Not that we drink a lot in our house, but I have a growing collection of wine bottles with neck size just perfect for slides. I've goggled cutting techniques for these and the most common approach is to use a glass cutter to etch a line around the neck, then dip the neck into boiling water to raise the glass temperature, then plunge it into a bucket of ice water. The sudden contraction causes the neck to break along the etched line.
Well, it works, sort of. I've had several bottles break off cleanly while other times, the fracture line runs up the neck instead of around.
The one thing that is pretty consistent is that the hot/cold method does eventually result in the neck breaking off. Unfortunately, the fracture line is often jagged and rough.
So, does anyone have a sure fire recipe for getting a clean break on a wine bottle so I can add to my slide collection?
Okay, so I pulled the tile saw out of the back of a cabinet, dusted it off, filled the tray with water and grabbed two empty wine bottles.
Holy-Moley Batman! The tile saw sliced through those two bottle necks like cutting through butter. It cut quickly and with practically no pressure against the blade. The finished cuts were generally smooth, but could be a lot smoother if I set up a way to hold the bottle steady and perpendicular to the blade while cutting. That will be the next project.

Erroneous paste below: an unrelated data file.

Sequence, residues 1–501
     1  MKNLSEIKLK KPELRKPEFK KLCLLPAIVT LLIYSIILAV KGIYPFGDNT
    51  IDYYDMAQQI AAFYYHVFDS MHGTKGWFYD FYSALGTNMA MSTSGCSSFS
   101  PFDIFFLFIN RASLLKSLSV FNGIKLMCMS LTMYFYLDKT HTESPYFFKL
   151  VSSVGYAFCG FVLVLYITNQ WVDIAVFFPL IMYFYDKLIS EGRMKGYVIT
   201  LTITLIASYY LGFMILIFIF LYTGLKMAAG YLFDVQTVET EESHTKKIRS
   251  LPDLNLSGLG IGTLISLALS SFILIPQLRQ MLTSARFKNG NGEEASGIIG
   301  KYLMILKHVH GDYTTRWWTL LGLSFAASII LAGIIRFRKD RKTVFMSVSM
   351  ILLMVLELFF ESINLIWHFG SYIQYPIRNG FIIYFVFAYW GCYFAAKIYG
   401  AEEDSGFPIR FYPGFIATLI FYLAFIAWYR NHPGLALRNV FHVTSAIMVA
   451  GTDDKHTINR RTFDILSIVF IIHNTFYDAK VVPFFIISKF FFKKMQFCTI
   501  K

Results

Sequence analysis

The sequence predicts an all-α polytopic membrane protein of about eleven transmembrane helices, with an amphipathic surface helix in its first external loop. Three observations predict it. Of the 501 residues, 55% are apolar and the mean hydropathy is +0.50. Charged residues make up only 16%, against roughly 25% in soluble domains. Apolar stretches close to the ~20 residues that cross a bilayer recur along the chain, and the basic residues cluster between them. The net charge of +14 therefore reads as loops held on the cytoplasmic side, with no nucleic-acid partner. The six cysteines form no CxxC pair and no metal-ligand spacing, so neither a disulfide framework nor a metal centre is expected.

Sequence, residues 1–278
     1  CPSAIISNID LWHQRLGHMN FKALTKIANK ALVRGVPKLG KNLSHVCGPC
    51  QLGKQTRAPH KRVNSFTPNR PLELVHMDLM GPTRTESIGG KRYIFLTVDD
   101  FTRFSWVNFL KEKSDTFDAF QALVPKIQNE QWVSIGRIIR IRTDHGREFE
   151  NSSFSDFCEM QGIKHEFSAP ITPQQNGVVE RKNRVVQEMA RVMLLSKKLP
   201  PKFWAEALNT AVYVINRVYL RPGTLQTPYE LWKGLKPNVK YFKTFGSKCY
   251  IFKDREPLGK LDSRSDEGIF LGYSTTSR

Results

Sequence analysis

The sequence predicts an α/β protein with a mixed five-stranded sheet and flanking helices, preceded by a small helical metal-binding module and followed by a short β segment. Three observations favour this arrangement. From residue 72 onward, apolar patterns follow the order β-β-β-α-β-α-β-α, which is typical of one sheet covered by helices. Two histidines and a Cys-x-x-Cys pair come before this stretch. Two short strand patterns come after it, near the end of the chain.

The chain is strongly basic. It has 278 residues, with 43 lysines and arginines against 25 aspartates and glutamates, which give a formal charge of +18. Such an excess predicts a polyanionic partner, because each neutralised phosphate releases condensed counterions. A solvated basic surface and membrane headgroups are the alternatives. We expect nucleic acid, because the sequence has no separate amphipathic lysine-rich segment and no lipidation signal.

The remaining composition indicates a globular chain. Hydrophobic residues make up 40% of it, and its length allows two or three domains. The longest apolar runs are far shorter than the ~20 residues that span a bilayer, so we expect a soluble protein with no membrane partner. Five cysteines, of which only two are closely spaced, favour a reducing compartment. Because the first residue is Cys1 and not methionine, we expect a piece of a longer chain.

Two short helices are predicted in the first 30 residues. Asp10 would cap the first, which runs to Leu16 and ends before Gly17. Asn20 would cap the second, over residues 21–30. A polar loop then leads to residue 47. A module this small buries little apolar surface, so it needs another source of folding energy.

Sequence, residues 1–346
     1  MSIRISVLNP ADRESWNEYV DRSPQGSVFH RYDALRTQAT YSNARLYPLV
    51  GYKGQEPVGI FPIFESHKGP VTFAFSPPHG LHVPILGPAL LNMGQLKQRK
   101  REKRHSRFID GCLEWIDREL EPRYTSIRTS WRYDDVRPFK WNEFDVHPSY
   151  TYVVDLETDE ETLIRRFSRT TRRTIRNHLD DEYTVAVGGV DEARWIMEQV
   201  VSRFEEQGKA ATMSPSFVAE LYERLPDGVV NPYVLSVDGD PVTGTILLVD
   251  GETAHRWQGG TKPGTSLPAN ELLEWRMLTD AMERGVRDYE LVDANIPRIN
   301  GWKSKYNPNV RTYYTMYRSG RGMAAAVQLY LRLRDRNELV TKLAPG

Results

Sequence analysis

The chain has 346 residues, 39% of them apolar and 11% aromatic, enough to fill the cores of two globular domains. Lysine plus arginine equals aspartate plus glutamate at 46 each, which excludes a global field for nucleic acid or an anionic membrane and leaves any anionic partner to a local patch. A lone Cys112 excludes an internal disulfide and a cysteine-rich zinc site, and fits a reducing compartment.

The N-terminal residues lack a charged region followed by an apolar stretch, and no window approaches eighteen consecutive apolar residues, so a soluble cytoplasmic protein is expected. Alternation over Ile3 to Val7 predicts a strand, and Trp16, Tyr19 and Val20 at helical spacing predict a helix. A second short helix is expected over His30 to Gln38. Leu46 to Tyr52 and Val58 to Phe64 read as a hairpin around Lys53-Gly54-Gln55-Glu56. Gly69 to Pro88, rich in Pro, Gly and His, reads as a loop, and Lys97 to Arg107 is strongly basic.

Total time to make two cuts on a bottle neck was less than one minute. A little Dremel work and I was good to go.
Do you have to rotate the bottle as you cut it, or do you cut straight through?
I'm having the same problem, except the first cut always seems to break even -- but the second cut (either lower or higher) has destroyed every bottle except one so far. I'm wondering if a wet tile saw with a diamond blade would do a better job?
Repeating the caution I posted on a similar thread several months ago:
Use a good mask when cutting/grinding glass.
You do not want to breathe in microscopic glass dust!
Not much to offer on this topic, hope you find a good solution.
The best way I know of is to let someone else do it. ;)
i use a Sawall diamond blade in my banjo saw it takes me 5 to 6 mimutes to cut and sandpolish each one some guys use a wet tile saw to get them prefect , my method the blade cuts just into the top of the glass and as it gets depper it fractures the top off pretty clean i call them my Bar Fighter Slide you cad delet my pics if you want buddy all good .